Though theoretically written for and aimed at, well, everyone, this book is more likely to find an appreciative audience...



A proposed alternative to traditional religious ideologies, focusing on the inherent godliness of every human being.

Johnson (The Human Ego: Who Do You Think You Are?, 2012) begins his spiritual manifesto with a bang, challenging readers to accept that “the vast majority of our beliefs are based upon lies.” Through a pastiche of Freudian psychology, biblical exegesis, medicine, semiotics, astrophysics, pantheism and popular culture, he goes on to outline his philosophy of human experience: Most are governed by their egos/selves/subconscious minds when they should be in unity with their souls/beings/consciousnesses; religious beliefs are simply dictated by our parents and culture and are rigidly enforced by our controlling subconscious minds; we have erroneously ascribed human attributes to a divine essence that resides innately in all human beings and is derived from the air we breathe and the sun that lights our planet; and we must let go of fear about the past and future and be conscious in the moment in order to save ourselves and our world from a “sub-conscious Hell on Earth.” The book seems aimed at those with existing, entrenched beliefs. It seems equally apparent, however, that this target audience, particularly Christian believers, will be unlikely to make it past the first few pages. It’s a potential misstep, in that regard, to suggest people hold on to such “lying beliefs” merely to satisfy a voracious, selfish ego. A softer sell might have more effectively introduced this philosophy that, while admittedly a bit eclectic, embodies some appealing ideas and imagery that might otherwise engage followers of liberal religious traditions. Johnson’s conversational prose is informed by the rhetorical style of the pulpit. Some readers may find that his colloquial interjections effectively lighten up the heavy material, while others may feel they erode the seriousness of his investigation.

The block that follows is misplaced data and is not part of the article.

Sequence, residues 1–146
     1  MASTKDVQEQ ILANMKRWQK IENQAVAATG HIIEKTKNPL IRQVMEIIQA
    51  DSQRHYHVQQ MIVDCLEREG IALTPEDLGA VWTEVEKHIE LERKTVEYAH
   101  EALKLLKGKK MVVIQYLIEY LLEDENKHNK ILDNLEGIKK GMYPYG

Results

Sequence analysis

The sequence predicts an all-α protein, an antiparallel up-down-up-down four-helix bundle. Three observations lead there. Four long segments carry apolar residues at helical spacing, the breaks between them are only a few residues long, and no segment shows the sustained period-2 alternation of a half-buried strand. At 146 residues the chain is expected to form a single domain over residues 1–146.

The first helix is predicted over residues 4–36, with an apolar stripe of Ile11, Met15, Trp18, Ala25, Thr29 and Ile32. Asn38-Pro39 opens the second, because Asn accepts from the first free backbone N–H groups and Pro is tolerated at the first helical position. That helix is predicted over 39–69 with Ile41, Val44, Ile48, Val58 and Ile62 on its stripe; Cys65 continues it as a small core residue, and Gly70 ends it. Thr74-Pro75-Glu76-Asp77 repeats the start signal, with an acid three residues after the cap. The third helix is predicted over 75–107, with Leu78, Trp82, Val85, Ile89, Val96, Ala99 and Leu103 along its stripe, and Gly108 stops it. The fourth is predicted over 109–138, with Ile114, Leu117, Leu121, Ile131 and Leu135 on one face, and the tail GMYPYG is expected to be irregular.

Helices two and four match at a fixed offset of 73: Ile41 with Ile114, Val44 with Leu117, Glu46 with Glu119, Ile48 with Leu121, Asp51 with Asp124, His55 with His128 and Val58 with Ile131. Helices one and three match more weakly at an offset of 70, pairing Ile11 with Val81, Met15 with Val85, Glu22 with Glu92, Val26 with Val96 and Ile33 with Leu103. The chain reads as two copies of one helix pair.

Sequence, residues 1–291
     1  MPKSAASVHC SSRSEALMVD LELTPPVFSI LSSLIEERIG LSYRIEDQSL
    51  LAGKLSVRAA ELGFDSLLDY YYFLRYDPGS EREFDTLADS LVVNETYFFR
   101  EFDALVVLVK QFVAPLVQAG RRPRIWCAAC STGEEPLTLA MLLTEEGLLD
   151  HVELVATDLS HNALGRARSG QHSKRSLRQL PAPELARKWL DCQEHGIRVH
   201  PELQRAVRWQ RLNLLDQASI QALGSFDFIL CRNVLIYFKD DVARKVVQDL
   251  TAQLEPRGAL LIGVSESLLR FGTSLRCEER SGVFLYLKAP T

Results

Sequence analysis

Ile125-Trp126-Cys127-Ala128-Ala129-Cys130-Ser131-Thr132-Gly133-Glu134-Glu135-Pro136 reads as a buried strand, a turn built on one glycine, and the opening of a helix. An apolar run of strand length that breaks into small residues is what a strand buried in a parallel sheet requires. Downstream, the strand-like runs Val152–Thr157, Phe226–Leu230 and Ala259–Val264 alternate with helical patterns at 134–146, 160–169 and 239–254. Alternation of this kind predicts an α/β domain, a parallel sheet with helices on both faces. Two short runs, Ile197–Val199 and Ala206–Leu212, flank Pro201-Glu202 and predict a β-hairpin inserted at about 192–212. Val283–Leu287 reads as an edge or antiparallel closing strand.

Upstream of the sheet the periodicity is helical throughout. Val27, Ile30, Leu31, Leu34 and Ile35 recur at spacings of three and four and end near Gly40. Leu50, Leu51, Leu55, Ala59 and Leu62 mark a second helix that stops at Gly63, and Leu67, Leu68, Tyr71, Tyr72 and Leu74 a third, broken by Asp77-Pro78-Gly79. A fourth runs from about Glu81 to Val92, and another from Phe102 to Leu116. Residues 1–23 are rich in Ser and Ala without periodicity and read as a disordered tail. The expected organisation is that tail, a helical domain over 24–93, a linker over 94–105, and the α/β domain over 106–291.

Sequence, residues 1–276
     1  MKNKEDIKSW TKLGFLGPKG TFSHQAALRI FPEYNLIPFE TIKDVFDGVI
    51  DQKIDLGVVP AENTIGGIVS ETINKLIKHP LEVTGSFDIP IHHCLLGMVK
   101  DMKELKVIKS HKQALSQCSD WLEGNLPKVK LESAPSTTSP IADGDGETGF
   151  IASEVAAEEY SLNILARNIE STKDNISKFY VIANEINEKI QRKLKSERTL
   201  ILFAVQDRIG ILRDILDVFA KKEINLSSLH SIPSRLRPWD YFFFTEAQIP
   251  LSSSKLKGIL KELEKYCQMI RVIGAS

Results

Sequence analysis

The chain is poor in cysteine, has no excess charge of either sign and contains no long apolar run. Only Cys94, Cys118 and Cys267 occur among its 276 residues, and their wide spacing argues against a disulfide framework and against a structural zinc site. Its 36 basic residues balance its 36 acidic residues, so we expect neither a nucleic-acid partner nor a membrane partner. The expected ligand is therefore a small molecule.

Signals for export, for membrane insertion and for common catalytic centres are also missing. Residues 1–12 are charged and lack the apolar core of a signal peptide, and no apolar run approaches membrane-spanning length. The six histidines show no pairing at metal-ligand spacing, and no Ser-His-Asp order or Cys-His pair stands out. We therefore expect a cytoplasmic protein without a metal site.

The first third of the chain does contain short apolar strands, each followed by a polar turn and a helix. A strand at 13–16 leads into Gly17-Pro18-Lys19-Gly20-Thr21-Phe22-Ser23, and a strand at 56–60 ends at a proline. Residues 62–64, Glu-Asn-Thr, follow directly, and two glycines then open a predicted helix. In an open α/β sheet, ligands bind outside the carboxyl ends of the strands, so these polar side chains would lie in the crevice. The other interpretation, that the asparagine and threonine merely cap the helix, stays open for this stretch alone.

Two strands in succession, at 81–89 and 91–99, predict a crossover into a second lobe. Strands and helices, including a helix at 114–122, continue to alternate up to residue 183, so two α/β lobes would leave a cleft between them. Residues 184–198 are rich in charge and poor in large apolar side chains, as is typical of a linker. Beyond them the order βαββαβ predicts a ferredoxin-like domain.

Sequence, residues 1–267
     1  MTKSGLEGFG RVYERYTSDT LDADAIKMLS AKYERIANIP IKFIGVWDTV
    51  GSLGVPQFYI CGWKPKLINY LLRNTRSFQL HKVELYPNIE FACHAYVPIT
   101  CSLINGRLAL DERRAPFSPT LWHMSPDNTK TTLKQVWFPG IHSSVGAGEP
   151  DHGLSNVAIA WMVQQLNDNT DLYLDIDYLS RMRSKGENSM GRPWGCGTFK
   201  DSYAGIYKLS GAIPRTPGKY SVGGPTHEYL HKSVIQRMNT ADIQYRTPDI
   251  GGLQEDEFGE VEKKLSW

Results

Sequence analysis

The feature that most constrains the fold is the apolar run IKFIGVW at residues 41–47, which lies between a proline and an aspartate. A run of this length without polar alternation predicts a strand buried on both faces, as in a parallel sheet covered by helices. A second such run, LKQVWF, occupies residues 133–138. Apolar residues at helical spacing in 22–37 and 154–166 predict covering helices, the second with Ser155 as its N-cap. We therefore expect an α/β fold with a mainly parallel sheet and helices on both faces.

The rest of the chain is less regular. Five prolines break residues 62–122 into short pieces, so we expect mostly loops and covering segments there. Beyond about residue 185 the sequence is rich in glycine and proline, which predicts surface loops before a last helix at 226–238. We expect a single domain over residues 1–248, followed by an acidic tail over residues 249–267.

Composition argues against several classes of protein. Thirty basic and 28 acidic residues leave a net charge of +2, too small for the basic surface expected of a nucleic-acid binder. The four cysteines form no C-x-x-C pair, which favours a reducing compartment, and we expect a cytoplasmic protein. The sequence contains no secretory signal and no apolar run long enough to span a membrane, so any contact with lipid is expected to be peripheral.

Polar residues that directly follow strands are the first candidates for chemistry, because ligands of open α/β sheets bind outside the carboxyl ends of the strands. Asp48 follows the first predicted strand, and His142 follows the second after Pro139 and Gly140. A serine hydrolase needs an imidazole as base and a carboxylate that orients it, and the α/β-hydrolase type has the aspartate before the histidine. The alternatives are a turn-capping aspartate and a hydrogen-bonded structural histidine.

Though theoretically written for and aimed at, well, everyone, this book is more likely to find an appreciative audience among the popular philosophy and self-help crowds.

Pub Date: March 29, 2014

ISBN: 978-0615995540

Page Count: 192

Publisher: Maurice\Johnson

Review Posted Online: June 12, 2014

Did you like this book?

No Comments Yet

Stricter than, say, Bergen Evans or W3 ("disinterested" means impartial — period), Strunk is in the last analysis...



Privately published by Strunk of Cornell in 1918 and revised by his student E. B. White in 1959, that "little book" is back again with more White updatings.

Stricter than, say, Bergen Evans or W3 ("disinterested" means impartial — period), Strunk is in the last analysis (whoops — "A bankrupt expression") a unique guide (which means "without like or equal").

Pub Date: May 15, 1972

ISBN: 0205632645

Page Count: 105

Publisher: Macmillan

Review Posted Online: Oct. 28, 2011

Kirkus Reviews Issue: May 1, 1972

Did you like this book?



Noted jazz and pop record producer Thiele offers a chatty autobiography. Aided by record-business colleague Golden, Thiele traces his career from his start as a ``pubescent, novice jazz record producer'' in the 1940s through the '50s, when he headed Coral, Dot, and Roulette Records, and the '60s, when he worked for ABC and ran the famous Impulse! jazz label. At Coral, Thiele championed the work of ``hillbilly'' singer Buddy Holly, although the only sessions he produced with Holly were marred by saccharine strings. The producer specialized in more mainstream popsters like the irrepressibly perky Teresa Brewer (who later became his fourth wife) and the bubble-machine muzak-meister Lawrence Welk. At Dot, Thiele was instrumental in recording Jack Kerouac's famous beat- generation ramblings to jazz accompaniment (recordings that Dot's president found ``pornographic''), while also overseeing a steady stream of pop hits. He then moved to the Mafia-controlled Roulette label, where he observed the ``silk-suited, pinky-ringed'' entourage who frequented the label's offices. Incredibly, however, Thiele remembers the famously hard-nosed Morris Levy, who ran the label and was eventually convicted of extortion, as ``one of the kindest, most warm-hearted, and classiest music men I have ever known.'' At ABC/Impulse!, Thiele oversaw the classic recordings of John Coltrane, although he is the first to admit that Coltrane essentially produced his own sessions. Like many producers of the day, Thiele participated in the ownership of publishing rights to some of the songs he recorded; he makes no apology for this practice, which he calls ``entirely appropriate and without any ethical conflicts.'' A pleasant, if not exactly riveting, memoir that will be of most interest to those with a thirst for cocktail-hour stories of the record biz. (25 halftones, not seen)

Pub Date: May 1, 1995

ISBN: 0-19-508629-4

Page Count: 224

Publisher: Oxford Univ.

Review Posted Online: May 20, 2010

Kirkus Reviews Issue: March 1, 1995

Did you like this book?